Wednesday, January 23, 2013

Musial and great power/contact hitters

Dave Cameron addresses this over at Fangraphs. See Translating Stan Musial’s Numbers into 2012 Norms. He compares Musial's isolated power to his strikeout frequency and then converts them into numbers for the 2012 season. He looked specifically at Musial's 1943 season and also his entire career.

A couple of things to remember. That article talks about Musial in 1943. Recall that it was a war year and alot of good pitchers were gone, so that would help him strikeout less and hit more HRs, everything else being equal. And Sportsman's park was a good hitter's park. Musial had a home ISO of .246 and a road ISO of .211 for his career.  DiMaggio had .231 home and .277 away. And notice how close their SO rates were in the table below. DiMaggio had an overall career ISO of .254 while Musial had .228. And notice how close their SO rates were in the table below.

I did a study on this before and I divided a guy's relative HR rate by his relative K rate. Now that is not the same as ISO but my guess is that ISO and HR rate are highly correlated. The guy that really looks great in this analysis was DiMaggio

Musial was 70% better than the league average in ISO and DiMaggio 95% better. So, for Musial we have 1.7/.55 = 3.09. For DiMaggio we have 1.95/.59 = 3.30. DiMaggio had a better relative ISO rate divided by SO rate and he played in a bad park for righties while Musial played in a great park, especially for lefties.

Here is the link

Which Players Had The Best HR-To-Strikeout Ratios?

Musial does well but not as well as some other big names. Now here is all of that post

I looked at every player with 5000+ PAs since 1920. I found their relative HRs and their relative strikeouts. Then found the ratio of the two. Ken Williams, for example, hit 3.70 times as many HRs as the average player of his time and league while striking out only 75% as often as the average player. Since his ratio of ratios (3.7/.75 = 4.93) is the highest of anyone in the study, he is ranked first. The data comes from the Lee Sinins Complete Baseball Encyclopedia. The table below shows the top 25:

DiMaggio hit only 41% of his HRs at home in his career while Williams hit 72%. So it is likely the case that DiMaggio would rank first, and probably by a wide margin, if HRs were park adjusted. Ted Williams hit less than 50% of his HRs at home.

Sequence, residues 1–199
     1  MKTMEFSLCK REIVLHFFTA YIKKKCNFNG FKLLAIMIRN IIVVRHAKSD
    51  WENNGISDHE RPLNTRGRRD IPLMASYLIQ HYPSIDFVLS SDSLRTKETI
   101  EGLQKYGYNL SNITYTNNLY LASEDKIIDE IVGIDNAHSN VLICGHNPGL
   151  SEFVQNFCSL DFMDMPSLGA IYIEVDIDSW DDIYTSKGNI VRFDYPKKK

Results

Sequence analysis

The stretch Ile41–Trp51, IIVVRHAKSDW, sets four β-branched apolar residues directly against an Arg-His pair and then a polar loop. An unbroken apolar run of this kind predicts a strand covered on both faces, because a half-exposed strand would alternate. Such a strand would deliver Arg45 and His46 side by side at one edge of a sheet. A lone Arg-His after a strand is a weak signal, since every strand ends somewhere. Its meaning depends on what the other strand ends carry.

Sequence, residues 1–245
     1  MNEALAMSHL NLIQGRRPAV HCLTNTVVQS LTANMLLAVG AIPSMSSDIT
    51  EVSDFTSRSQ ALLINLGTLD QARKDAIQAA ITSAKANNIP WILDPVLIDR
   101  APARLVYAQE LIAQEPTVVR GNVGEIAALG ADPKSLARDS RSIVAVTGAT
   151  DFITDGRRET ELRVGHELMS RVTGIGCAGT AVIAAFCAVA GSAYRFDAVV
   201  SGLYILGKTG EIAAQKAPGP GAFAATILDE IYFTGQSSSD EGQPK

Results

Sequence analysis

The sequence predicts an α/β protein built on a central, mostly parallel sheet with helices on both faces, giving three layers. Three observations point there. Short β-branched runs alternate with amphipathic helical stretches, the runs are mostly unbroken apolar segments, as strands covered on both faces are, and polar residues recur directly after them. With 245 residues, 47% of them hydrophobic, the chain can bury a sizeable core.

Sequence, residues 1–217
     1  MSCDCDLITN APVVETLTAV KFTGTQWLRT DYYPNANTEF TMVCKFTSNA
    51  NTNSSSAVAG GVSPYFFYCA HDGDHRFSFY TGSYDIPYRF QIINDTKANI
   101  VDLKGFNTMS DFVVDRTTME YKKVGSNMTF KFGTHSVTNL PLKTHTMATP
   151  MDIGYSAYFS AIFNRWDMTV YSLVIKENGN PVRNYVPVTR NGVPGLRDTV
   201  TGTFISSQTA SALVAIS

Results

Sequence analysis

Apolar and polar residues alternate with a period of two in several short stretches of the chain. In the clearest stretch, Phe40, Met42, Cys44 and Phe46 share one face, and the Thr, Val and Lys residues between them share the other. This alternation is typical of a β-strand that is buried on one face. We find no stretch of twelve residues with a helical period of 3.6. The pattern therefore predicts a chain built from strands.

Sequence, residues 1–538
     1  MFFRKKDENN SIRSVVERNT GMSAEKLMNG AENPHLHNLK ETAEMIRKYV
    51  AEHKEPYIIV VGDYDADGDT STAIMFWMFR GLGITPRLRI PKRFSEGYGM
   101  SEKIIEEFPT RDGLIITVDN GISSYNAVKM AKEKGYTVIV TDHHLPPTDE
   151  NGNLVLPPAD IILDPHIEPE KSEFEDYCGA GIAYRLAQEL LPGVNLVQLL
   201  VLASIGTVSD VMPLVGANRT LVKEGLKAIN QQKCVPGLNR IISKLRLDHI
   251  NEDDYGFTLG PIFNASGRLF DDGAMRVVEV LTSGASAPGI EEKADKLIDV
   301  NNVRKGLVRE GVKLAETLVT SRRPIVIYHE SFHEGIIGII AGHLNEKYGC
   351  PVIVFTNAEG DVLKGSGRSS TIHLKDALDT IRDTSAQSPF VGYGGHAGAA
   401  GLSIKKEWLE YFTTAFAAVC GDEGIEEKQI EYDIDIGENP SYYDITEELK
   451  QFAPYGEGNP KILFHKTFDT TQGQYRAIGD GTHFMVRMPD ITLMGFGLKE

The next table shows which players had the lowest relative strikeout rates among guys who hit 40+ HRs. Again, no pikers here. In 2004, Bonds had only 41 strikeouts while the average player would have had 100. I am so proud to see the demonstration of Polish power with 3 for Ted Kluszewski and 1 for Carl Yastrzemski (whose 1970 season ranks 27th). Don't forget Stan Musial is 13th on the above list.

Update: I found all the guys from 1920-2011 with 5000+ PAs. I also found their ISO relative to the league average and their strikeouts relative to the league average. Then I took the ratios. Here are the top 12

Tris Speaker 4.105263158
Tommy Holmes 4.035714286
Joe Sewell 3.772727273
Frank McCormick 3.102564103
Joe DiMaggio 3.0625
Yogi Berra 3.02
Nellie Fox 2.894736842
Vic Power 2.875
Albert Pujols 2.857142857
Tony Gwynn 2.806451613
Don Mattingly 2.785714286
Stan Musial 2.741935484

The league average in the above case was based on outs or how many outs each guy made. The next one is based on PAs (these are the choices you have using the Lee Sinins data base). So the guy that really stands out is Speaker and DiMaggio still beats Musial

Tris Speaker 4.727272727
Tommy Holmes 4.185185185
Joe Sewell 3.952380952
Joe DiMaggio 3.322033898
Albert Pujols 3.214285714
Frank McCormick 3.102564103
Stan Musial 3.090909091
Yogi Berra 3.081632653
Tony Gwynn 3
Don Mattingly 2.925
Nellie Fox 2.894736842
Ted Williams 2.848101266

Friday, January 11, 2013

Bagwell Is A Clear Hall Of Famer Unless He Used PEDs

He is 36th in career WAR among position players. He twice led the league and 2 other times was 5th. By my count there are 147 position players in the Hall who played in the majors (I am not counting Negro league players only because we don't have a WAR ranking for them).

This puts Bagwell in the to 25% of career value among the top 147. Maybe he will get in eventually, but his gain this year was slight.

Bagwell had 387 career Win Shares. Through 2001, that would have been tied for 56th among all players, including pitchers. Not sure where he would rank now, definitely still in the top 100.